The sharp uptrend in seaborne metallurgical coal prices that kicked off midway through the second quarter is likely to continue well into the second half of the year as the global supply-demand balance continues to tighten, and the question now isn’t how long the uptrend will last, but just how high can prices go?
The benchmark FOB Australia price for premium low volatile matter met coal surged 72% quarter on quarter to $194/mt in Q2, while delivered prices to China rose 43% over the same period to stand at $309/mt June 30.
For premium hard coking coal, Q2 was marked by strong underlying demand from ex-China buyers and tightening supply.
Platts observed a sharp 279% year-on-year increase in the spot transaction volume for the first half of 2021 for premium hard coking coal on an FOB Australia basis. The increase was driven mostly by strong European spot demand, especially over late Q1-early Q2. By end June, Europe accounted for 18% of Australia’s spot export volume across various grades including premium hard coking coal, hard coking coal, pulverized coal injection (PCI) and semisoft, up from just 5% in 2020.
Meanwhile, spot supply seemed to be struggling to keep up in late Q2. Only 13 spot transactions for Australian premium HCC were recorded for July laycans, compared with 43 for June and 26 for July 2020, according to S&P Global Platts data. Popular brands such as Australian premium-hard Peak Downs and Goonyella have been in short supply, which has driven up bids and offers incrementally, market sources said.
China, on the other hand, has seen a sharp decline in its share of spot volumes to 47% of the total spot metallurgical coal market observed, down from 75% reported for 2020, according to Platts data. Top brands observed on a CFR China basis for 2021 to date include North American brands Oak Grove, Blue Creek 7, Standard and Raven.
“The majority of our consumption now is domestic coking coal, but we still had to rely on imports from time to time to help reduce the ash and sulfur in our coke blend,” a Tangshan steel mill source said.
As North American tons have been diverted to meet higher bids in China, Australian volumes have moved in to replace them in the US’ traditional markets. Europe is the typical case in point, and is symptomatic of a global redistribution of global met coal supplies.
The trend has affected both spot and long-term contract volumes, but can be observed more readily in the spot market. As can be expected, when Australian premium HCC became cheaper than US low-vol coal at a European parity point, spot volumes from Australia to Europe started surging.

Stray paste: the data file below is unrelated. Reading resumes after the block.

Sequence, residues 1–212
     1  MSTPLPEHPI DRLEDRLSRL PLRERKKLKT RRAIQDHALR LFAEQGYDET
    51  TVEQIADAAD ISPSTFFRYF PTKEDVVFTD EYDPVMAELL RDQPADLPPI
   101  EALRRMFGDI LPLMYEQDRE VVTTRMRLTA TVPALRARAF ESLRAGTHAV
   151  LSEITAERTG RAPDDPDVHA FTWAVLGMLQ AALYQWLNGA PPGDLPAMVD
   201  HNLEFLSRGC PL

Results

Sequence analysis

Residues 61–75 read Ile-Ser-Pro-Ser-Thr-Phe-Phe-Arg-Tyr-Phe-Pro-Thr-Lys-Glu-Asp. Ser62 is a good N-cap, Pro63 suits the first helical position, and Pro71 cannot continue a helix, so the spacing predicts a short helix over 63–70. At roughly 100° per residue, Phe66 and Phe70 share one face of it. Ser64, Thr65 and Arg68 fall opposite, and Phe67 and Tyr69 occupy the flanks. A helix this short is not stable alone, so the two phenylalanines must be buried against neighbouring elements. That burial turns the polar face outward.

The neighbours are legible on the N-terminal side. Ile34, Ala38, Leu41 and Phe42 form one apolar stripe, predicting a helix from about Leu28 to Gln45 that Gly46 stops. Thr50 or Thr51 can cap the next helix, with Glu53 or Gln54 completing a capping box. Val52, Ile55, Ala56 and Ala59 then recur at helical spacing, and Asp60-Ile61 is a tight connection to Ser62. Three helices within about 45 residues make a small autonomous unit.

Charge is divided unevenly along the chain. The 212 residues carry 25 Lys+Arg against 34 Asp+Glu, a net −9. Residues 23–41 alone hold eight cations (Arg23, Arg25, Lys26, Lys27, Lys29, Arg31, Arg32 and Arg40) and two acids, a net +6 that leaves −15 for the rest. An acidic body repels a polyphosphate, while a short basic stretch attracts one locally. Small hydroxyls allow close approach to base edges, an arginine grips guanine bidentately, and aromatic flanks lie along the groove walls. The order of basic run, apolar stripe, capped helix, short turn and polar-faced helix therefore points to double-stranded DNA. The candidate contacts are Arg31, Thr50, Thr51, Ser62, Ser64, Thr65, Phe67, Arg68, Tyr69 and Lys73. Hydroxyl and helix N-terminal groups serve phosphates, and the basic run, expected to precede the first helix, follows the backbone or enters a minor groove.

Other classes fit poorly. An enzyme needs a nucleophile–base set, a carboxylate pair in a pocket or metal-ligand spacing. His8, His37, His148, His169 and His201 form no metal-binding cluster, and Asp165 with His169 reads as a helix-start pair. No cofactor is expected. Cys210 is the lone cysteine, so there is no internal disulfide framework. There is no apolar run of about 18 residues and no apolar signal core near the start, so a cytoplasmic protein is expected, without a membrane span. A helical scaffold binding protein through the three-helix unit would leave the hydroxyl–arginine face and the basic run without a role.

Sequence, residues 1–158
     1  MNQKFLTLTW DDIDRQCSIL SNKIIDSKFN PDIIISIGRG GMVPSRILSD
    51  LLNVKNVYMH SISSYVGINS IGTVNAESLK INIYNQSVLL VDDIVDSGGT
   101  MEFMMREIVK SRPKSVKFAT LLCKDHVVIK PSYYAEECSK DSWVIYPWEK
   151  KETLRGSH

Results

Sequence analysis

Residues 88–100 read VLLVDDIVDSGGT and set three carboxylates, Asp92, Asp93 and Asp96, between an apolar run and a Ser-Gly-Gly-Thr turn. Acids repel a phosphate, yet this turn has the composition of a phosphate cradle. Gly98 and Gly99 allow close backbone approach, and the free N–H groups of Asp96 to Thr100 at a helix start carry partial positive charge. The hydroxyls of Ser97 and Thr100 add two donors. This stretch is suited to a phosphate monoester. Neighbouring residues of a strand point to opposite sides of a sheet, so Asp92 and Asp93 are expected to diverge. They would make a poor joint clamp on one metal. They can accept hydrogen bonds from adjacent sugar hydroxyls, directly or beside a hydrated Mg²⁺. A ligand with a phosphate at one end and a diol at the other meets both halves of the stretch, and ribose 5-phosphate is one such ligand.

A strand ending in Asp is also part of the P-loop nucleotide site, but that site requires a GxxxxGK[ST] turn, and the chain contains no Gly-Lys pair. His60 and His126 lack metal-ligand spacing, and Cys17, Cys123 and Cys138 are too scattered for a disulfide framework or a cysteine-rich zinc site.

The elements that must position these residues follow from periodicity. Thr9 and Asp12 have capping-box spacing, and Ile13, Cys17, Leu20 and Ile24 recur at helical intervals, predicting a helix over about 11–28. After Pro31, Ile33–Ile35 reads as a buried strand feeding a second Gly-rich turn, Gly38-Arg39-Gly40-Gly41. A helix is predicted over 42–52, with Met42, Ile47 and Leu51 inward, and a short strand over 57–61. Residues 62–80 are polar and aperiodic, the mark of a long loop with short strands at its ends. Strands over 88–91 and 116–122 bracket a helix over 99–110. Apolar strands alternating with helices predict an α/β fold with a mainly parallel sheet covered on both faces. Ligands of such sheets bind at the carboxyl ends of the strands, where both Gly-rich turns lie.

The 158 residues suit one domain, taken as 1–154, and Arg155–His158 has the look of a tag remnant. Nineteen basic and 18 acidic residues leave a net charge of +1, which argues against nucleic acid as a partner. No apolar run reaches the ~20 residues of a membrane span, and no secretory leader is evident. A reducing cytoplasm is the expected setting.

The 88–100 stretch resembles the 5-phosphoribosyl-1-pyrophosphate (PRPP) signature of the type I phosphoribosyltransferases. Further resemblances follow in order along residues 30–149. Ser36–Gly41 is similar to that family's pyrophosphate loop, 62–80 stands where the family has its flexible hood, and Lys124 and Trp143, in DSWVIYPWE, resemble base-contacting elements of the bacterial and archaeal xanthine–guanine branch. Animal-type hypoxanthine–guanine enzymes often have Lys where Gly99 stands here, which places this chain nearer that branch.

The price differential between Australian premium hard coking coal and US hard coking coal on a delivered basis to North Europe can be calculated using the spot Panamax rate for the US East Coast to Rotterdam, net-forwarded from Low Vol FOB USEC, and the Premium Low Vol HCC CFR Northwest Europe price.
The chart seems to suggest a negative correlation between price and volume, so that when Australian prices were relatively more competitive, the observed spot trade volume tended to be higher, and vice versa.
International trader sources regarded this “origin swap” between the North American and Australian coals as a “win-win” for North American producers and European steelmakers.
The observed spot trade volume outside of China declined in June due to a combination of supply tightness and rising Australian coal prices reducing the economic incentive for global steelmakers to use Australian premium hard coking coal.
China’s imports remain under pressure
With Australian coal out of the picture and Mongolian coal being controlled at the border, China’s coking coal imports fell a sharp 43% year on year to 18 million mt over January-May, according to China Customs.
That downtrend appears likely to persist into Q3, based on the analysis of spot trade data. Cargoes transacted today typically take a month or two to arrive, so it is possible to predict near-term future trends for China’s import volumes by analyzing spot market activity. Platts observed a total 3 million mt of spot trades on a CFR China basis in Q2, compared with 12 million mt in Q2 2020 and 2.7 million in Q1 2021.
With most Q2 traded volumes likely to arrive in China in Q3, the data would suggest similarly low levels of Chinese imports for the coming 1-2 months.
Spot trade data tends to be a strong predictor of China’s imports two months later, based on analysis of Platts spot data going back to 2016.
Chinese import policy is likely to remain the key wild card for the Q3 global market outlook. Any change in policy, while unlikely, “would not be impossible,” one market participant said.
“The odds seem to favor the status quo for Chinese import policies for Q3, but with steel margins coming under pressure as a result of soaring raw material input costs, perhaps we could see the government move to encourage more domestic supply, or ease the import restriction, or both,” a trader in China said.